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5 Things You Might Not Know About St. Joseph

Written by on September 23, 2021

1.) St. Joseph is a Just Man.

St. Joseph is first mentioned in Matthew 1:19 where he is described as a “just man” because of the way that he handled Mary’s miraculous pregnancy. St. John Chrysostom comments on his virtue stating: “Joseph determined to conduct himself now by a higher rule than the law.”

 

2.) Actually, St. Joseph Has Many More Titles.

St. Joseph is named in the Litany of St. Joseph as the Zealous Defender of Christ, Model of Workmen, Protector of the Holy Church, and the Terror of Demons. He is also called the Foster-Father of the Redeemer and Most Chaste Spouse of the Blessed Virgin Mary. 

In Fr. Donald Calloway’s book, Consecration to St. Joseph, he states that the Catholic Church today is in need of the intercession and patronage of St. Joseph. Marriage and Family are under attack in both secular and religious contexts. Our Lady of Fatima revealed to sister Lucia that “The final battle between the Lord and the kingdom of Satan will be about marriage and the family.” 

As Head of the Holy Family, Terror of Demons, and Pillar of Families, the spiritual fatherhood of St. Joseph can help us, as the living Church, to understand and overcome Satan’s deceptions. 

 

3.) Devotion to St. Joseph Took A Long Time to Develop.

It was not until the 15th century that veneration of St. Joseph began in the West and his feast day was introduced into the Roman calendar in 1479. Devotion to the earthly Foster-Father of Christ was popularized by Saints Teresa of Avila and Francis DeSales.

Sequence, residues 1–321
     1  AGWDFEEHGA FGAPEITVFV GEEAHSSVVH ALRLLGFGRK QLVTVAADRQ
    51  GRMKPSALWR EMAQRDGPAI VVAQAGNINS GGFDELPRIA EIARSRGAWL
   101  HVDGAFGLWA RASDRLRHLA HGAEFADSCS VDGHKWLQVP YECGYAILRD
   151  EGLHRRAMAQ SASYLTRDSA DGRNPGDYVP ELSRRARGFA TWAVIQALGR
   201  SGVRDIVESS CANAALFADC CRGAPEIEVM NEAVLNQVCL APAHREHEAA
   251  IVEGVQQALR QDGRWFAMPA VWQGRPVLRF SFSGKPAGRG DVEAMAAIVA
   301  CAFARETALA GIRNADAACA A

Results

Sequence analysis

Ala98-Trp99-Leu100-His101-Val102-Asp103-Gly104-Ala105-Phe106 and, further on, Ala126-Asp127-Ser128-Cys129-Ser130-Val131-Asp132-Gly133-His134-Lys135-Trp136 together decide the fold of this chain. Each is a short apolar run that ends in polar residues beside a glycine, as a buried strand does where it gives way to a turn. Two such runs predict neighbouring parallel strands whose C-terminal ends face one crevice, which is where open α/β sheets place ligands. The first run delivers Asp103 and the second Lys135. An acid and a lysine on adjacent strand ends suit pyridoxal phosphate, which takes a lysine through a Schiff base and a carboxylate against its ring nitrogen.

4.) St. Joseph is Patron of the Universal Church

In 1870, Pope Pius IX named him “Patron of the Universal Church.” In his papal encyclical Quanquam pluries in 1889, Pope Leo XIII granted him saintly status equivalent to that of the Blessed Virgin Mary. 

Jesus, Mary, and Joseph

Under the patronage of St. Joseph, the Universal Church is in need of re-evangelization. St. Joseph was the first to bring Jesus to the world and so desires to bring him to the world again today. St. John Paul II wrote concerning this need: 

“This patronage [of St. Joseph] must be invoked as ever necessary for the Church, not only as a defense against all dangers, but also, and indeed primarily, as an impetus for her renewed commitment to evangelization in the world and to re-evangelization in those those lands and nations where religion and the Christian life were formally flourishing and are now put to a hard test.”

 

5.) St. Joseph Has Two Feast Days.

An example of an Italian St. Joseph's Day Table

An example of an Italian St. Joseph’s Day Table.

St. Joseph’s feast days are May 1 and March 19. He is venerated with special festivals in Italy, with traditions including eating fava beans, zappola, lemons, and seafood to commemorate certain aspects of St. Joseph’s life.

 

The Station of the Cross Radio and Our 2021 Fall On-Air Appeal: St. Joseph, Pray For Us!

The Station of the Cross 2021 On-Air Fall Appeal. September 27th through October 1st, 2021, 7 AM to 7 PM.

The Station of the Cross Radio Network wishes to further the Catholic mission of evangelization under the patronage of St. Joseph, the original missionary. Through our Radio and Media apostolate, The Station of the Cross aims to spread the message of the Gospel in charitable, just, and truthful means to bring every person who listens closer to Christ. 

In order to support this important spiritual work, The Station of the Cross placed their 2021 Fall Appeal under the patronage of St. Joseph.

This year, we ask that our listeners, benefactors, and supporters continue to support our mission of proclaiming the fullness of Truth with clarity and charity. If you would like to help this mission, there are several ways to make a donation.

To make a donation, CLICK HERE or:

Be sure to listen in to our On-Air Appeal, Monday, September 27th through Friday, October 1st, from 7 AM to 7 PM.

The Station of the Cross wishes to thank you in advance for your charity and generosity. May God Bless you and your families. 

Ite Ad Ioseph!

Go to Joseph!

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